Rose in Bloom HTML version

What Mac Did
Rose, meantime, was trying to find out what the sentiment was with which she
regarded her cousin Mac. She could not seem to reconcile the character she had
known so long with the new one lately shown her, and the idea of loving the droll,
bookish, absentminded Mac of former times appeared quite impossible and
absurd, but the new Mac, wide awake, full of talent, ardent and high-handed, was
such a surprise to her, she felt as if her heart was being won by a stranger, and it
became her to study him well before yielding to a charm which she could not
Affection came naturally, and had always been strong for the boy; regard for the
studious youth easily deepened to respect for the integrity of the young man, and
now something warmer was growing up within her; but at first she could not
decide whether it was admiration for the rapid unfolding of talent of some sort or
love answering to love.
As if to settle that point, Mac sent her on New Year's Day a little book plainly
bound and modestly entitled Songs and Sonnets. After reading this with ever-
growing surprise and delight, Rose never had another doubt about the writer's
being a poet, for though she was no critic, she had read the best authors and
knew what was good. Unpretentious as it was, this had the true ring, and its very
simplicity showed conscious power for, unlike so many first attempts, the book
was not full of "My Lady," neither did it indulge in Swinburnian convulsions about
The roses and raptures of love.";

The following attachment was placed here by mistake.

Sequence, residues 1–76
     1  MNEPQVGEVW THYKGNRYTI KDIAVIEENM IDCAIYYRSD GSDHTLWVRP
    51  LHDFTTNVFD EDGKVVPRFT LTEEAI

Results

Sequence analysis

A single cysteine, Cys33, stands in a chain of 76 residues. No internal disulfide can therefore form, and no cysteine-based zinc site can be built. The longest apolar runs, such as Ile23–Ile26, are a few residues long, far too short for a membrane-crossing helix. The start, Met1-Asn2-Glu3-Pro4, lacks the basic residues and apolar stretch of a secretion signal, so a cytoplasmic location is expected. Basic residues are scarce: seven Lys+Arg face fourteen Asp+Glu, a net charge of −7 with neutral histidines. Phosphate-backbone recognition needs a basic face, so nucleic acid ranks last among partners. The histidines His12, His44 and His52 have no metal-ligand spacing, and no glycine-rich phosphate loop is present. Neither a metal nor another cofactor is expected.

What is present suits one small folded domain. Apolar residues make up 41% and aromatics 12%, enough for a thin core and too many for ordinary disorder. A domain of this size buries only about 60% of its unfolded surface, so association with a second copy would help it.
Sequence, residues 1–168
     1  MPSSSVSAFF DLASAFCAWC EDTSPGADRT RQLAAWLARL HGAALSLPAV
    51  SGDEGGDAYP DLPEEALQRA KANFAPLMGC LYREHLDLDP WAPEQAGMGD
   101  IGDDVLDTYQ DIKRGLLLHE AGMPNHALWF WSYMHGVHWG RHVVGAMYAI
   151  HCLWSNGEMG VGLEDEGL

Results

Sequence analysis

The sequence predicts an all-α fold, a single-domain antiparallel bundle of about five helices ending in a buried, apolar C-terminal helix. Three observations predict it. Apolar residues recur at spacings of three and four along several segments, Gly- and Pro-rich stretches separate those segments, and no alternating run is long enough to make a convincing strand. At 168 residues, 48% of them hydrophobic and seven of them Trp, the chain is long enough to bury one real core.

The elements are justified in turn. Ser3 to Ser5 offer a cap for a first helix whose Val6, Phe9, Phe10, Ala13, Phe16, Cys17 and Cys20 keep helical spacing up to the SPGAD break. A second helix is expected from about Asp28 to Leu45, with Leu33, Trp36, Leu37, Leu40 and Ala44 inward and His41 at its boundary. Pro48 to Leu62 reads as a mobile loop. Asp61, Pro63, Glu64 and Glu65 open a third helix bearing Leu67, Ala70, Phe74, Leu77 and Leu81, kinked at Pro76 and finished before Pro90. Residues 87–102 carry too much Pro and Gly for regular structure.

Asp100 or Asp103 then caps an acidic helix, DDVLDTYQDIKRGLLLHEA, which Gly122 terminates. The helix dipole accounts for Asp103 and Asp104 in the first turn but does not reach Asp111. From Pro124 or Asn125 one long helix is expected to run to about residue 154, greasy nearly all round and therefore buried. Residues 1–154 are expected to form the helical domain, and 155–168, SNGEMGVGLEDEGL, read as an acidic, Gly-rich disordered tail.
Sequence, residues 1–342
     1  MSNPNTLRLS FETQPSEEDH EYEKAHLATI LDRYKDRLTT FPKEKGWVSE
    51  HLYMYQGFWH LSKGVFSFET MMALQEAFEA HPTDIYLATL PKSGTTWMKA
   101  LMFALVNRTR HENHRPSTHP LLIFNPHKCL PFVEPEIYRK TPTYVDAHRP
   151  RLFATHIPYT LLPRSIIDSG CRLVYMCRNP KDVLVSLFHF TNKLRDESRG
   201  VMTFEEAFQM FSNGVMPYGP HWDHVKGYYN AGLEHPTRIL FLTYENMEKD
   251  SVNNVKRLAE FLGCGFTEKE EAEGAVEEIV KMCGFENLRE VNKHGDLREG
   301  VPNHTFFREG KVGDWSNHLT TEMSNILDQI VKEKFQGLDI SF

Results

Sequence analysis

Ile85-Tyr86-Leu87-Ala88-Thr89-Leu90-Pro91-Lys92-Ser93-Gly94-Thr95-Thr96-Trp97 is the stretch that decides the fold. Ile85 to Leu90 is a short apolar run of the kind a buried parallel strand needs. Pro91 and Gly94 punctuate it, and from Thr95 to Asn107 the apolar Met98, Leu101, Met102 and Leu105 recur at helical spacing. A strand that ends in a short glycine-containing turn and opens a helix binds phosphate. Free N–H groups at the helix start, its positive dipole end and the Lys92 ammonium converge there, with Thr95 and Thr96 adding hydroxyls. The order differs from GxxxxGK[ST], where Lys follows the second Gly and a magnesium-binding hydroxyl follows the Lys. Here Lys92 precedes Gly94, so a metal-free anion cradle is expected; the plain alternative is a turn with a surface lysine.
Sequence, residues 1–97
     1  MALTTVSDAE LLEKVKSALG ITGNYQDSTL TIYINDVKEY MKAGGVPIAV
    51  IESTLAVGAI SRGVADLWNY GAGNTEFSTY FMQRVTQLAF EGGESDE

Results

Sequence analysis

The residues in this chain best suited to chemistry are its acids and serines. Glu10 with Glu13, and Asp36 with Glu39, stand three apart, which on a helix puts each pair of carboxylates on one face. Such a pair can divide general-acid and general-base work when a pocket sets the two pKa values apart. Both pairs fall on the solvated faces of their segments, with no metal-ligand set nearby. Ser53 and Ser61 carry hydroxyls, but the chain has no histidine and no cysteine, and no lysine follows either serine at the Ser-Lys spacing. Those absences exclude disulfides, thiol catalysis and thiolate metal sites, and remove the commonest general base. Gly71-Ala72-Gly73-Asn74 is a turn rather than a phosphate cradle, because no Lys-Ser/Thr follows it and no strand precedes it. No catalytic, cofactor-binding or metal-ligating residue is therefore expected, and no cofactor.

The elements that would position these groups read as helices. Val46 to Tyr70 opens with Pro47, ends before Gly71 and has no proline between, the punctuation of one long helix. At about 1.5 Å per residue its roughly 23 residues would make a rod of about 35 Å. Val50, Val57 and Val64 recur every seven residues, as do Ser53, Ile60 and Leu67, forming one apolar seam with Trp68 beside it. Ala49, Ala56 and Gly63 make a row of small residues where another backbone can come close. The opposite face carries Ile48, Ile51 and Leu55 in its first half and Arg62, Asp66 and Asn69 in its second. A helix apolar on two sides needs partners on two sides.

or contain any of the highly colored medieval word pictures so much in vogue.
"My book should smell of pines, and resound with the hum of insects," might
have been its motto, so sweet and wholesome was it with a springlike sort of
freshness which plainly betrayed that the author had learned some of Nature's
deepest secrets and possessed the skill to tell them in tuneful words. The songs
went ringing through one's memory long after they were read, and the sonnets
were full of the subtle beauty, insight, and half-unconscious wisdom, which seem
to prove that "genius is divine when young."
Many faults it had, but was so full of promise that it was evident Mac had not
"kept good company, read good books, loved good things, and cultivated soul
and body as faithfully as he could" in vain. It all told now, for truth and virtue had
blossomed into character and had a language of their own more eloquent than
the poetry to which they were what the fragrance is to the flower. Wiser critics
than Rose felt and admired this; less partial ones could not deny their praise to a
first effort, which seemed as spontaneous and aspiring as a lark's song; and,
when one or two of these Jupiters had given a nod of approval, Mac found
himself, not exactly famous, but much talked about. One set abused, the other
set praised, and the little book was sadly mauled among them, for it was too
original to be ignored, and too robust to be killed by hard usage, so it came out of
the fray none the worse but rather brighter, if anything, for the friction which
proved the gold genuine.